and then the next core skill. So the third core skill is self care, which, of course is so important. So you’ve got to be able to understand what’s going on for you and your body, and have a willingness to respond to those needs. And then the fourth is purpose. So having a connection to purpose and meaning can make all the difference in resilience, because it gives you a reason to keep going. And then the fifth one is mental flexibility. And this is this is right like the opposite of rigidity. And I did a recent podcast about this where it was the spring clean your messy mind podcast where we talked about cognitive distortions, and mental flexibility is all about being able to challenge the cognitive distortions, the thinking errors, and it’s all about shifting your mindset and having a flexible approach to life. And that can be really valuable and then the sixth one, the sixth skill related to related to resilience is self compassion. And so, of course, this is a regard for yourself. So being able to be self compassionate rather than self critical, and having kindness and gentleness towards yourself and a recognition that you’re not alone in the challenges that you face. Okay, so the first solution, again, as a review is to cultivate resilience. And I just talked about the six core skills to cultivate resilience. And of course, I will link to the empathy and resilience podcasts. And then of course, the Jen’s blogs, which are awesome. And then solution to is to make meaning to help transform trauma into post traumatic growth. And I want to, I want to talk, again, about four recommendations. And these come from Sarah’s article who I mentioned, Sarah, at the top of the podcast. And she has several really great recommendations. And she talks about these particularly as it comes as it applies to families. So how can you turn this Corona challenge into into resilience? Right, like, how can you? How can you look at this traumatic experience, and actually grow from it and learn? So her first recommendation is to view it as situational and recognize that it will come to an end at some point, right? Like no crisis ever, lasts forever? And isn’t that a relief. So remind your kiddos that, you know, they will not be wearing masks forever, that they will go back to school at some point, you know that the movie theaters will open at some point, right? Just because we don’t know when doesn’t mean it will last forever. Second, explore how the crisis can help build a family identity. And I think that’s really great. So she indicates that research to suggest that a strong family identity can help move us from crisis to crucible, which I think is really good. So whether that is this idea of we work hard and have a good attitude, or we look for the silver linings, or you know, some sort of message. And Sarah, in her article shares that a few years ago, her family went through several, several big challenges that, you know, we’re incredibly, incredibly difficult for her family. And she said that her husband printed out this motto for each of each of their children. And she said that it became their family motto which I just love it, it says shelter each other from the storm, bring joy where there is sadness and warmth where there is none. That’s what families do. And so, right, like having a family identity can really help. So explore how the crisis can help build family identity. And that’s really helping you to connect to purpose, which is one of the ways that we cultivate resilience. And then three, realize that this crisis can help you grow as an individual. And I love this one, because even though we would never ask for this challenge, it doesn’t mean that there are not gifts. So can you see the gifts? Can you see the opportunities? Can you see the gratitude, even in the challenge, even in the crisis? And so one of the questions that Sarah asks Is what kind of a person do I want to be at the end of this crisis? And what am I doing to turn into that person? I love that because it really connects you to purpose. That’s the first question. It really connects you to purpose, like what kind of person do I want to be? So it really helps you to align with your values and with your purpose. And then the second question, what am I doing to turn into that person? I love that because it is empowering, and it is proactive. And in the face of a crisis. It can feel so disempowering, we can feel so reactive, like the world is just happening to us right like that. We don’t have any control. And that that second question is very empowering, because we recognize that we do have some power here. And sometimes the only power is to choose our response. Right? We’ve been taught that by Viktor Frankl he taught that so well, that power to choose our response. In the space, between stimulus and response is the power to choose. And that, that that space is everything. And so in the face of crisis, ability to choose, and be proactive is really great. And of course, that meaning making really helps us to develop resilience. And, of course, those coping strategies will really strengthen us for the road ahead. And it brings perspective, it brings really great perspective. And then Sarah’s last recommendation, so number four, is also really lovely, which is be patient with yourself, right. And I would just add, be patient with yourself and be patient with your family, right, because you might have one day where like, you’re feeling really solid, you’re feeling really grounded, you’ve got that sense of purpose, and you’re like, Okay, like, we’re gonna, we’re going to be good, we’re going to get through this. And, you know, it might not be that day for one of your loved ones. And so be patient with them, because you’re not always going to be on the same page on the same day. And so,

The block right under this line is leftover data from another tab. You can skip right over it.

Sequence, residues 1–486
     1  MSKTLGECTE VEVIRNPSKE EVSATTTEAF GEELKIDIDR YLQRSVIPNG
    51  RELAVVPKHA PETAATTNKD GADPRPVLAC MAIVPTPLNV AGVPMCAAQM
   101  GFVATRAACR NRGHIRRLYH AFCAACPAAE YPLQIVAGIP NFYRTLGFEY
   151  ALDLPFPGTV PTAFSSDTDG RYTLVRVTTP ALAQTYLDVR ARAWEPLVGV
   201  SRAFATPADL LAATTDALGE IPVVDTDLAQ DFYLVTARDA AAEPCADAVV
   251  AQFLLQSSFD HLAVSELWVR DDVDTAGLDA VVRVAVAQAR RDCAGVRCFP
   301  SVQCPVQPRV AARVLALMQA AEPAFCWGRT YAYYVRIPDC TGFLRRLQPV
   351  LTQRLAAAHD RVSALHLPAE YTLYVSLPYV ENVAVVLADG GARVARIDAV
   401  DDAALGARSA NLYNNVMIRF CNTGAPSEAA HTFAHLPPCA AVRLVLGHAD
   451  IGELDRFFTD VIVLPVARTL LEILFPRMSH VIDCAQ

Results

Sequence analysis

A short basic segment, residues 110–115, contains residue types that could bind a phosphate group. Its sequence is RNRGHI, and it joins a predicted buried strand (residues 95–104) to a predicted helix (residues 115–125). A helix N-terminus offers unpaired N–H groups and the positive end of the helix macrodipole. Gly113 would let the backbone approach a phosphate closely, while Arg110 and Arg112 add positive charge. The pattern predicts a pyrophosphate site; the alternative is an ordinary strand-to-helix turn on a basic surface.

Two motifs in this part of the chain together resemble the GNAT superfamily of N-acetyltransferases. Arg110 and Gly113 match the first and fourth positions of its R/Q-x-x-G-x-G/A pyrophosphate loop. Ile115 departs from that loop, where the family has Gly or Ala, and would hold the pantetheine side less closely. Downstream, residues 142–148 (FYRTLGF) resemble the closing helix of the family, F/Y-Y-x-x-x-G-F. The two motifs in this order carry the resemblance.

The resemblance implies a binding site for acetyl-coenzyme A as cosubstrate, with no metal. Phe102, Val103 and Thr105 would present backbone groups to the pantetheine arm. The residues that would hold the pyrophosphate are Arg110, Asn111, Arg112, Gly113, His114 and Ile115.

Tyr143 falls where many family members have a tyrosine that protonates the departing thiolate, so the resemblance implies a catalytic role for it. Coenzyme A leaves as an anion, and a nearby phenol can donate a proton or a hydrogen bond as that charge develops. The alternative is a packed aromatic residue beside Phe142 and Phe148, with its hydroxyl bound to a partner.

Dr. Melissa Smith 26:08